Al-Qemany felt ambushed by this approach. It was not what he had agreed to. Initially, for the sake of the viewers, he did respond, but eventually, in protest, he broke off the interview.
Al-Qemany later reported that as he was leaving the studio, the moderator, Fadel Soliman, struck him from behind on the back and the back of his head with a mug full of water, and threatened his life. Al-Qemany is reported to be undergoing treatment for head and back injuries in a Cairo hospital. (An interview with Al-Qemany – in Arabic – is posted here, in which he speaks of his shock at what is happening in Egypt.)
What should make this incident especially attention-grabbing for Western readers is that Fadel Soliman, the alleged assailant, has been a well known interfaith speaker in the West who claims to promotes harmony through peaceful dialogue. A member of Al-Qaradawi’s International Union of Muslim Scholars, Soliman heads up Bridges Foundation, which claims to bridge the gap between Muslims and non-Muslims: “Bridges Foundation aims to bridge peoples from different religious and ethnic backgrounds through educational interfaith activities, like power point presentations, gatherings, discussions etc…” Its website reports that Soliman offers workshops on how to present Islam to non-Muslims and ‘refute misconceptions‘ about Islam. Soliman has given presentations on Islam to more than 65,000 people in the USA, including in churches, universities, and to government departments (see here; and also here for testimonials, including from a US lieutenant colonel, a member of congress and a Christian pastor).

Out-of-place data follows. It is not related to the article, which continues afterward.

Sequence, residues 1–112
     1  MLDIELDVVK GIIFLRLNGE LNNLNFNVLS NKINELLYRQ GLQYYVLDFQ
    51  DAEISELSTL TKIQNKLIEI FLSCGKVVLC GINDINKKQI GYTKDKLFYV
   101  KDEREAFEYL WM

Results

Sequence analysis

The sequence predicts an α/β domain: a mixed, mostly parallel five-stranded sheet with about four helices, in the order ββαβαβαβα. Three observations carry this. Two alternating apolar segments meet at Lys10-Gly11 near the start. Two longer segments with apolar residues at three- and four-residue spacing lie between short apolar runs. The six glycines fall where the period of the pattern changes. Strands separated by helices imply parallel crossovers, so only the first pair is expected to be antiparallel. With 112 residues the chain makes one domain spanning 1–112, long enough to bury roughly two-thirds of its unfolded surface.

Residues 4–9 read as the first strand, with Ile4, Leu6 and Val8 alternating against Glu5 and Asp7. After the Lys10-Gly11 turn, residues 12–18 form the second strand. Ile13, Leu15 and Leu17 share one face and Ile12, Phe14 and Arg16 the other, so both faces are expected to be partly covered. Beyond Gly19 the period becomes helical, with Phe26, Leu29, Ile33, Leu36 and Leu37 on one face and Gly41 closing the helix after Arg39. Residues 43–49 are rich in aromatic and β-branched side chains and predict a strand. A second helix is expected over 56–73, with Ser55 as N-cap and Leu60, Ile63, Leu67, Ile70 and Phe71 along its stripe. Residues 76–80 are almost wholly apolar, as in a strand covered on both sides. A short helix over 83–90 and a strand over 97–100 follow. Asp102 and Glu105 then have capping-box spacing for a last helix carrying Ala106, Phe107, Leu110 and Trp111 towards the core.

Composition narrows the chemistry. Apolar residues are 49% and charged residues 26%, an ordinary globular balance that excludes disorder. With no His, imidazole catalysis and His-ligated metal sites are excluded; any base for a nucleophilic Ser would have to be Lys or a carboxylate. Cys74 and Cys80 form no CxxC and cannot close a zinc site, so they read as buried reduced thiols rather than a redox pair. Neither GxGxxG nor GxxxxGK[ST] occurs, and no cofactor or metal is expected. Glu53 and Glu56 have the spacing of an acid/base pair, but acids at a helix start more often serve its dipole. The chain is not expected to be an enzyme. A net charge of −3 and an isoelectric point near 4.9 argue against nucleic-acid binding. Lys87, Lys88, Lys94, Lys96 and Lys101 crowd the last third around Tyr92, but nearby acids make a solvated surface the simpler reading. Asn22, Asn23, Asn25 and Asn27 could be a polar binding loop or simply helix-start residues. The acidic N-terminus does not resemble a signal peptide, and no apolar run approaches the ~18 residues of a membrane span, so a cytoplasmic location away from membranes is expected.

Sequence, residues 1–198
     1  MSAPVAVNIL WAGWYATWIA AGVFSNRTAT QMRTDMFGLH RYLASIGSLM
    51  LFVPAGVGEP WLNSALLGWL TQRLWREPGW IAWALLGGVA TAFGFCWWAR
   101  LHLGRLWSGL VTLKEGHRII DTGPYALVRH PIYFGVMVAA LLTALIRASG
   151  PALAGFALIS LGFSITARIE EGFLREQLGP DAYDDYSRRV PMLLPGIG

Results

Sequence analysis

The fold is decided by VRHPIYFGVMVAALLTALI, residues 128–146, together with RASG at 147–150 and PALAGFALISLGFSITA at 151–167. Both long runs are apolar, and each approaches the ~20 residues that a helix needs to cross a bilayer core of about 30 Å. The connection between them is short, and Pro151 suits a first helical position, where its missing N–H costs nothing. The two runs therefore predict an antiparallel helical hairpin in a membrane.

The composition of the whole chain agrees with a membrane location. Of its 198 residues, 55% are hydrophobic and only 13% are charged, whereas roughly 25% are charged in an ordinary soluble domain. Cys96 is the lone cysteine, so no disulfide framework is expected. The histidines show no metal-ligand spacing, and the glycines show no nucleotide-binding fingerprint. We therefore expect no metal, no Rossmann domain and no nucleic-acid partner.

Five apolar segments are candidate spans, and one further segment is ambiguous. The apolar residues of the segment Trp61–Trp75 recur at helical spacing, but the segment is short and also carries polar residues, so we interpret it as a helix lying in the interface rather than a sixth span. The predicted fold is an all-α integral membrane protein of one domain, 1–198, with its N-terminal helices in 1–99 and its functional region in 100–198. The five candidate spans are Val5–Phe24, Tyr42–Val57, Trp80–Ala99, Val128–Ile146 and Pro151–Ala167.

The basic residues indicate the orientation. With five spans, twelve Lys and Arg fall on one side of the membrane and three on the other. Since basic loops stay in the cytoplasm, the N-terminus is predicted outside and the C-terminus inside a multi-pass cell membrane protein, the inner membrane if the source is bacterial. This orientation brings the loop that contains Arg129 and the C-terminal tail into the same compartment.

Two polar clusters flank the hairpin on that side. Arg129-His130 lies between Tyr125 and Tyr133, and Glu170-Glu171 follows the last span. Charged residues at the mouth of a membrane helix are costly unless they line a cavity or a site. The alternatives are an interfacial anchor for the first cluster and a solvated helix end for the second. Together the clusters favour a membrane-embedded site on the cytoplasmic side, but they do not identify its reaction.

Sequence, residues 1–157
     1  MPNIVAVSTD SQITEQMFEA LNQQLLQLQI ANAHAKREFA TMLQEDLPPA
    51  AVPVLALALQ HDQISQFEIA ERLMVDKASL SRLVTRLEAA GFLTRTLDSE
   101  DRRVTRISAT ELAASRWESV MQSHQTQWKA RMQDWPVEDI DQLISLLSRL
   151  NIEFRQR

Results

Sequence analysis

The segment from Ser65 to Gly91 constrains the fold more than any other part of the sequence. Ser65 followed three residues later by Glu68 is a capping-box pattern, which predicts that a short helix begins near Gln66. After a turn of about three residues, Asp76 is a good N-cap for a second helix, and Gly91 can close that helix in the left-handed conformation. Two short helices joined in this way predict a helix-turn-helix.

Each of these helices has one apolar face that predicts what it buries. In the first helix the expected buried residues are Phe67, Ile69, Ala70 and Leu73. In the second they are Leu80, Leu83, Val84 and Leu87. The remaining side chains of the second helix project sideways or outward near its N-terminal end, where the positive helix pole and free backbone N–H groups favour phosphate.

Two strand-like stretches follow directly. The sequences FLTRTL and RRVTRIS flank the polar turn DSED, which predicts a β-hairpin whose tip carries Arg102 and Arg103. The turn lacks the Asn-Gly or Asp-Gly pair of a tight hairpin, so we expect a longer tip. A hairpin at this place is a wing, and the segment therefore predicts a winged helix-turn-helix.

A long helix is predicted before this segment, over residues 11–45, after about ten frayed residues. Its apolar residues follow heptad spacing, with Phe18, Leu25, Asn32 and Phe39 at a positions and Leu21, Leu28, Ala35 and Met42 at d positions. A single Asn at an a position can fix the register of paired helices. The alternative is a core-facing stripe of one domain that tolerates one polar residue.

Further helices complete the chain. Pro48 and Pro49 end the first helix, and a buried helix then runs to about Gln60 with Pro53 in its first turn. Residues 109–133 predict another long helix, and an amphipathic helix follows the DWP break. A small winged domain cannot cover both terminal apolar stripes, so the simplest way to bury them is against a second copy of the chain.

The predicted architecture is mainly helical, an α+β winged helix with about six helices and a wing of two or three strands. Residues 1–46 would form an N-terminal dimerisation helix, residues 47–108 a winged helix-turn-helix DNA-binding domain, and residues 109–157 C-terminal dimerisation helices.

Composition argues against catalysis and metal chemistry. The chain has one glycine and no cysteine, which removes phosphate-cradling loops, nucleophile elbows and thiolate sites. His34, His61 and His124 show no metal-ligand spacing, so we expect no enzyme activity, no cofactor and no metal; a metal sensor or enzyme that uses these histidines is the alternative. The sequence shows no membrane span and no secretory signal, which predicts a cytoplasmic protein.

One of the ‘misconceptions’ Soliman addresses in his workshops is that Islam is a violent religion (see here). He ‘strongly believes that educating each other about our differences is the best way to bridge peoples and facilitate the peacemaking process, because people do not fight when they communicate with each other‘ (see here).